There is no doubt that the organization of this project brought direct benefits to project team members. Students working on the project as student researchers have greatly enhanced their research, political, inter-personal and communication skills. Staff members have developed greater expertise in working with students as co-producers of knowledge. In this regard, the aim of integrating responsibilities for teaching and research is evidenced in the conduct of the project itself.
Clearly it is more transferable to those departments and disciplines such as sociology, education, psychology, management, where students developing research skills "match" the research focus.
Project led by Dr Christina Hughes. Christina.Hughes@warwick.ac.uk
Hughes C (2005) "Linking Teaching and Research in a Research-Oriented Department of Sociology" http://www.c-sap.bham.ac.uk/resources/project_reports/findings/ShowFinding.asp?id=139
PDP as personal development planning could be seen as essentially about a person's (a student's) overall view of themselves, their life plans, and their development. In that case, employability is only one aspect of that (the work part of life); and graduate attributes only one part of employability (even if the part that a university should have most to contribute to).
PDP as personal development planning portfolios has a number of different ideas are heaped together here:
Nick Bowskill's project
The tacit question behind this is: what use is an HE degree? In fact there is a huge range of possible kinds of thing:
However some basic contextual points to bear in mind on this topic or "employability" are:
As noted, they tend to make all disciplines sound the same, yet the chief defining attribute of a graduate is that they have been educated in one particular discipline, and NOT in all; and their habits of thought are markedly different because of this. Thus the literal and current "educational", i.e. edujargon, meanings of the phrase "graduate attributes" are to some extent in contradiction.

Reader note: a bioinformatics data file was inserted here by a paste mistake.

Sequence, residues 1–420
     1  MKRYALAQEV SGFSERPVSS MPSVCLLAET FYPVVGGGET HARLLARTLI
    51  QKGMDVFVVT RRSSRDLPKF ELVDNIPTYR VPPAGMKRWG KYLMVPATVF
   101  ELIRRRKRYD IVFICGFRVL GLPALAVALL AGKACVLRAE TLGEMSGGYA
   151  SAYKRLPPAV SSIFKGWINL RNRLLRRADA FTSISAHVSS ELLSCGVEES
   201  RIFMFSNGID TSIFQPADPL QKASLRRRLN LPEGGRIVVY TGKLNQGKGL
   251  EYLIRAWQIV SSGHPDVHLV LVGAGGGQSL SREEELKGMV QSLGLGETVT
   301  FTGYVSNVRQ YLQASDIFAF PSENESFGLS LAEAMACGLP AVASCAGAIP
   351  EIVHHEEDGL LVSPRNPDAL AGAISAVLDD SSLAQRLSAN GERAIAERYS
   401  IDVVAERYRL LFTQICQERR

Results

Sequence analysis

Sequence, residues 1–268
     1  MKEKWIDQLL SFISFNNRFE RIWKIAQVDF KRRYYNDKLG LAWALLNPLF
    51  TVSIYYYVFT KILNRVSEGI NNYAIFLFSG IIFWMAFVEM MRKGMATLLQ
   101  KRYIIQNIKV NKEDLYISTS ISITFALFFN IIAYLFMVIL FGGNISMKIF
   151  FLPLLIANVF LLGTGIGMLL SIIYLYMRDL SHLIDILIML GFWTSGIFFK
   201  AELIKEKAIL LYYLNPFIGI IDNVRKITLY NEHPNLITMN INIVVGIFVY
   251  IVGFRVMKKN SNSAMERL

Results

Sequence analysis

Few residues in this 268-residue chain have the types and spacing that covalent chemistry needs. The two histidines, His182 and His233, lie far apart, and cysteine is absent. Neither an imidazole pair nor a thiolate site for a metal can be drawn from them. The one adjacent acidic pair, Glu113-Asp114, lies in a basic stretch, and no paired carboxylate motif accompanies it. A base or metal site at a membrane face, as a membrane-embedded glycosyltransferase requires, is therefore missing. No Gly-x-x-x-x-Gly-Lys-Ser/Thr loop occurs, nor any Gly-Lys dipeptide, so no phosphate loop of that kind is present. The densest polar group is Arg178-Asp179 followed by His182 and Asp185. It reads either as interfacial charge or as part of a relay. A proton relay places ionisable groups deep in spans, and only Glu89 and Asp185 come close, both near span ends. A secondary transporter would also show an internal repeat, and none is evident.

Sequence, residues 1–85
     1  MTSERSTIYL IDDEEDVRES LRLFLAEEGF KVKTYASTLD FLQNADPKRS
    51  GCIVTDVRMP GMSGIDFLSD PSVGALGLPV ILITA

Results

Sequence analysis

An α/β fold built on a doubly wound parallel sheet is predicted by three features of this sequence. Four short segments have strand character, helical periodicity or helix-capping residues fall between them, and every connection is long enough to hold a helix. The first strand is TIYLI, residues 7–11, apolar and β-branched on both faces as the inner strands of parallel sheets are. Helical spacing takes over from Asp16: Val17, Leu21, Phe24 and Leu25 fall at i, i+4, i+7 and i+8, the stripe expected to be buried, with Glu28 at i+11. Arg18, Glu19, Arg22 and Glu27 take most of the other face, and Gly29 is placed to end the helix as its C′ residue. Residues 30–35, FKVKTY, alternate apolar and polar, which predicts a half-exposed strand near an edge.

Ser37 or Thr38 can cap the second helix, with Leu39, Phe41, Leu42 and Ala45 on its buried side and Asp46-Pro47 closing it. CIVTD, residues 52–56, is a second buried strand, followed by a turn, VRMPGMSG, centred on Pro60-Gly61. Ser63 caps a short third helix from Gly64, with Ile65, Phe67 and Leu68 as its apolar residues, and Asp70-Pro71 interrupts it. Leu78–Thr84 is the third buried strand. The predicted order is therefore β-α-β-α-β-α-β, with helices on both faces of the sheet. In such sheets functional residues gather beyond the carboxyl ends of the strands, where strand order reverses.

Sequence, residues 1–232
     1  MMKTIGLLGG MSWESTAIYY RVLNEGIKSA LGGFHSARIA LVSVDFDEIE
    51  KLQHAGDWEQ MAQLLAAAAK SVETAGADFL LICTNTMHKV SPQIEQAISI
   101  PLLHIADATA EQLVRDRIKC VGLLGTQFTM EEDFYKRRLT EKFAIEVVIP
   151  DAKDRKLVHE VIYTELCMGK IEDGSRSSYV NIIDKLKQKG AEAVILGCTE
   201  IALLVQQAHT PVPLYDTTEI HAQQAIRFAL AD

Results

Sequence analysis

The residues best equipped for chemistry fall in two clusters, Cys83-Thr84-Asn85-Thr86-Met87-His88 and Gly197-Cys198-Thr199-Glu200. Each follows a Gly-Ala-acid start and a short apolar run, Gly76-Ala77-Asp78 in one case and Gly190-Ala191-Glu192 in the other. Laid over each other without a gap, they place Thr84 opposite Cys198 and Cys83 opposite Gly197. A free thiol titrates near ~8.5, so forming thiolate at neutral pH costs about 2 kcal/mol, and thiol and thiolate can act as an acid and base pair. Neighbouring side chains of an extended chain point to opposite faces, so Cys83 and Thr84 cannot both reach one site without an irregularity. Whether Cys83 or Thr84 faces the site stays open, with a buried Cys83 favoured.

I have a
critique of the notion of graduate attributes
(updated 5 Nov 2009).
One (only one) concrete action related to the idea, and referred to in the critique, is this document The value of a degree from my department.
As mentioned, the QEtheme of research teaching linkages was scoped to relate to this particular list of Graduate attributes (GAS). Whether that makes sense to practitioners and disciplines is not known.
There is now a well regarded test for students of graduate attributes.
A key reference about it is:
Klein,S., Benjamin,R., Shavelson,R. & Bolus,R. (2007) "The Collegiate Learning Assessment: Facts and fantasies" Educational Review vol.31 no.5 pp.415-439
The website is: http://www.collegiatelearningassessment.org/
Another candidate for a super-attribute might be freedom from egocentricity. Piaget described how young children cannot appreciate that their visual viewpoint on the world is not shared by others, but before long they realise that what they can expect another to know depends upon what that person can see. This then develops into a "theory of mind": keeping track of what different people know. That is a first major development beyond egocentrism.